HomeCherry Hill NewsCherry Hill recognizes Pride Month with LGBTQ+ film screening discussion

Cherry Hill recognizes Pride Month with LGBTQ+ film screening discussion

Seniors ‘aging’ with pride share their prom experiences

The Cherry Hill library co-hosted with Jewish Family and Childrens’ Services a screening and discussion of Take Me to Prom, a Canadian short film that features LGBTQ+ individuals recounting their own prom experiences. (EMILY LIU/The Sun)

More than five years ago, Reva Farenback-Brateman organized the LGBTQ+ Aging with Pride group with six seniors – five men and one woman – at Jewish Family and Childrens’ Services (JFCS).

Today, it has more than 40 regular members, and the JFCS geriatric social worker said it’s rare to not have a few new members at each meeting.

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“It’s open to everybody; you don’t have to be Jewish even though the usual meetings are in the Katz Jewish Community Center in Cherry Hill,” said Farenback-Brateman.

To celebrate Pride Month on June 27, the JFCS teamed with the Cherry Hill library and  township to organize a screening and discussion of Take Me to Prom, a Canadian short film that features LGBTQ+ individuals recounting their high-school prom experiences over seven decades. 

The discussion was led by members of the Aging with Pride group – Alyx Reinhardt, Ruth Rouff, Don Cook, Dave Phillips and Mitch Augarten – who engaged the audience of mostly seniors. They recounted their own prom stories with the audience. Later, they reflected on their experiences then and now, noting how things have changed in the LGBTQ+ community.

“It’s an opportunity for us to really get to know each other at a completely different level, rather than just attending a meeting where somebody’s presenting,” said Augarten, a Cherry Hill resident who is an active member of the Aging with Pride group. 

“ … I’m feeling for the first time in my life that I’m now more of an activist than I ever was before.”

“I think as I’ve gotten older, I’m much more conscious of the problems, the issues that are out there,” Cook, a Marlton resident, told The Sun. “I see it in my vulnerability, his vulnerability (gesturing to Phillips). I see it more readily than when I was 30 years old.”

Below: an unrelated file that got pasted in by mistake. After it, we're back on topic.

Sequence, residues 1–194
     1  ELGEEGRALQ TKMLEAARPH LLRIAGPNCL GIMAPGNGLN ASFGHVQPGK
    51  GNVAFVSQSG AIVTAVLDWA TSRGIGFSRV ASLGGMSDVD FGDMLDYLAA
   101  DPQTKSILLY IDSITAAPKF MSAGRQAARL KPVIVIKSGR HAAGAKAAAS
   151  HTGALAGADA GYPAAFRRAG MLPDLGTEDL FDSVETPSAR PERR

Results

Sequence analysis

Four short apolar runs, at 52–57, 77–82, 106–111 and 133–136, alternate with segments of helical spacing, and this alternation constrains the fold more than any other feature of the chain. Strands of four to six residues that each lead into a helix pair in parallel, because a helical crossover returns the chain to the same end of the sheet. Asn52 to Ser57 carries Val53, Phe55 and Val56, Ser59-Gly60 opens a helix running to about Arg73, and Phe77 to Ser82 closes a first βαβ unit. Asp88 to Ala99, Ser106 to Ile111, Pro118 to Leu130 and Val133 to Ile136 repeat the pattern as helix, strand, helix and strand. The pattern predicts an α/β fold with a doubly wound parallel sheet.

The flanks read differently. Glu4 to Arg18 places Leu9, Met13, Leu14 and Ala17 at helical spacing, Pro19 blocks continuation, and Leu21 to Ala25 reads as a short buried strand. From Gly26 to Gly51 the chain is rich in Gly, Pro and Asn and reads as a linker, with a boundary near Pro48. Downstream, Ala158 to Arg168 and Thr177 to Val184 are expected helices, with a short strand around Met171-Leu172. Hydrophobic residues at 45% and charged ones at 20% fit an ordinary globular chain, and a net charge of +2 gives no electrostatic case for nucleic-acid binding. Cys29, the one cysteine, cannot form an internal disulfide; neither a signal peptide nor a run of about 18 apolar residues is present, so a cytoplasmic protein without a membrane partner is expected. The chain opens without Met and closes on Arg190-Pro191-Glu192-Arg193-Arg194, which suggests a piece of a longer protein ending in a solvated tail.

Cook recalled how his former partner died of AIDS and their hospital experience.

“Our doctor came and said, ‘Why can’t he? He can’t sit on the bed?’ ‘Oh yeah, he can, if he ain’t got it now, he ain’t ever have it, don’t worry about it,’” Cook remembered. “I think that was a very difficult time, a very very hard time. 

“A lot of people were lost,” he added. “A lot of people died. I think that was a big stigmatization to our community. It wasn’t our fault, but it didn’t help.”

Some speakers addressed the importance of normalizing relationships as a part of combating the stigma.

“You try to normalize things for people by being yourself,” Augarten suggested. “You just try to normalize people for people and you get accepted through that. If you were to ask me to describe myself in 10 words, I don’t think ‘gay’ would come up in the top five, the same way that if I asked you to describe yourselves, how many of you would put heterosexual in the top five?”

Reinhardt recounted how, when she moved to South Jersey, she displayed a picture of her girlfriend.

“It was 25 years ago, and we couldn’t get married or anything like that,” she said. “And so there’s my picture and, ‘Oh, who’s that?’ ‘That’s Maria, she’s my girlfriend, we just moved here …’ 

“I normalized it with everybody I worked with,” Reinhardt added, “and in the end, what ended up happening (was), it became a non-issue.”

Many of the seniors at the discussion noted that today’s culture makes it much easier for people to come out, but they acknowledged that bias against the LGBTQ+  community persists, especially on social media.

“When people can come to that incorrect conclusion just by the proliferation of gay things on social media, it’s scary, and this comes across whether you’re talking about gay issues or women’s health, sexuality, religion,” Augarten remarked.

“ … Social media and the freedom of social media allows them to proliferate these ignorant ideas.”

The LGBTQ+ Aging with Pride group is one of two hosted by the JFCS, and meets on the second Friday of every month at the Katz JCC. The JFCS’ also hosts Project Rainbow for LGBTQ+ youth in grades six to eight and nine to 12. 

Learn more at https://jfcssnj.org/lgbtq-support/


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